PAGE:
Colostrum is easy to get if you have other lambing ewes as you can milk a ewe for the colostrum and place this in a bottle for your orphan lamb. You can also do this and store it in a freezer for emergencies like this. Colostrum will keep frozen for 6 months. Allow the colostrum to thaw in a water bath at no more than 40 degrees Celsius so as not to destroy the anti-bodies in the heating process.

Raising Lambs: Homemade Colostrum Recipe

As a last resort you can make your own colostrum with the following recipe:

740 ml cows milk

1 beaten egg

1 teaspoon cod liver oil (as a laxative)

1 teaspoon glucose sugar

Mix well and either use or refrigerate until needed. When you feed your lamb it should be warmed up like a baby's bottle to just blood heat.

Another recipe for homemade colostrum:

600 ml milk

1 tsp castor oil

1 small egg

Mix together and feed as directed here.

Raising Lambs: How much Milk to Feed your Orphan Lamb

If you are not able to foster you will have to hand-rear. Your lamb will need to be fed 140 ml every 4 hours. Hold the lamb's head up and feed from above its head and let the milk drip down into the teat. Allow the lamb to stand while you feed it, and do not cuddle and cradle it with it on your knee as it will end up with milk in its lungs and it will get pneumonia.

Feed your lamb the milk from the above recipe for 24 hours. After that you will need to slowly replace this with a lamb milk replacer as cow's milk is good for calves and lamb's milk is good for lambs, and not vice versa on a long term basis. Give it 200 ml four times a day. Gradually build this up to 500 ml per feed still at four times a day. Do this for 2 weeks. After this increase to 700ml three times a day for another 2 weeks. As the lamb matures start cutting back to two 500 ml feeds per day.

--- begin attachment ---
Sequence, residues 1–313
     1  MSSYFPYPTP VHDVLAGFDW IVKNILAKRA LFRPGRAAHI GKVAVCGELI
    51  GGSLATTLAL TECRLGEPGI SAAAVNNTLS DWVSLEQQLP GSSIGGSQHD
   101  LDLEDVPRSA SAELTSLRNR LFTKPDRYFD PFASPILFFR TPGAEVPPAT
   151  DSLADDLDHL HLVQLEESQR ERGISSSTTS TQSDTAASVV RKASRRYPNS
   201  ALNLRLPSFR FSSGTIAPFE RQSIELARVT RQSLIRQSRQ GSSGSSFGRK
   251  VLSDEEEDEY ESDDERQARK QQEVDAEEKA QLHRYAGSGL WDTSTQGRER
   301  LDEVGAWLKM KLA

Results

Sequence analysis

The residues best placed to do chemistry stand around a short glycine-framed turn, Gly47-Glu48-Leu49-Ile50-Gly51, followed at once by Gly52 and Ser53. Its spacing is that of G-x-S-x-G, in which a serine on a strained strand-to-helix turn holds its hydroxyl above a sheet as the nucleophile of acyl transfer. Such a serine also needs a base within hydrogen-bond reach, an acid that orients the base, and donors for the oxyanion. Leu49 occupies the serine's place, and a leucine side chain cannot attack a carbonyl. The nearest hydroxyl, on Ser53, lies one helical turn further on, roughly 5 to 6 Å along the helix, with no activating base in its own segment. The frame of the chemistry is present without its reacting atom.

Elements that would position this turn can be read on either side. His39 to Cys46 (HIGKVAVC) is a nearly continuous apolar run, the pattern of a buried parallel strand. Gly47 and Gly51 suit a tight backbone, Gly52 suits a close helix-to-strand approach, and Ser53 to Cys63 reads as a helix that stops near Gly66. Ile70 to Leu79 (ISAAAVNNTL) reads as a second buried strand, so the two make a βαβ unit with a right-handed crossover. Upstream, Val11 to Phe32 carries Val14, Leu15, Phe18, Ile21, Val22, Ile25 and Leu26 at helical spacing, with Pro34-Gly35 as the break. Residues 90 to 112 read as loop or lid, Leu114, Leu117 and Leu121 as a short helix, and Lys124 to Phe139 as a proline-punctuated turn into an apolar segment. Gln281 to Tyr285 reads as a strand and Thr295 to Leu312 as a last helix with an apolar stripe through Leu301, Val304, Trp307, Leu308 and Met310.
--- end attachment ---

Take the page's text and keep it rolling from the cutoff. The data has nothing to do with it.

By the second week the lamb should be given fresh water, hay, and grass. If possible allow the lamb out with the rest of the flock during the day. After 8 weeks of feeding your lamb should be well on the road to recovery, and you should start weaning them at about 5-6 weeks of age. By week 13 your lamb should be completely weaned off milk.

If your lamb is undersized, or your orphan lamb is weak feed 60 ml every 3 hours, for 6 feeds. On the second day feed 90 ml every 3 hours for 6 feeds. After that, proceed carefully before increasing the milk intake. Continue to feed at 3 hour intervals until after week 2.

Tips for Judging How much to Feed an Ophan Lamb:

After any meal the lamb's sides should be straight from the hips to the rib cage. If they the sides are not straight but puffed out, you are giving your lamb too much to eat. Miss a meal and reduce the amount of milk you have been giving to the lamb.

Make sure that the milk is just at blood heat, and not too hot.

If you are purchasing teats from the drug store or other stores you will have to make the teat hole bigger by using a hot darning needle.  The hole should not be so small that the lamb becomes frustrated, but the hole also shouldn't be so large that the lamb chokes. As the lamb becomes older the hole can be made bigger with a pair of small scissors. 

Raising Lambs: Problems with Orphan Lambs

There are 3 main problems with hand-rearing lambs

  1. The first is that it might not survive the exposure to the elements and get hypothermia. 
  2. Secondly, they don't get the colostrum in them early enough and die from a clot. 
  3. And finally, when raising lambs they get scours, mostly due to overfeeding and unhygienic teats and bottles. Sterilize as you would your own baby's teats and bottles and you shouldn't have a problem.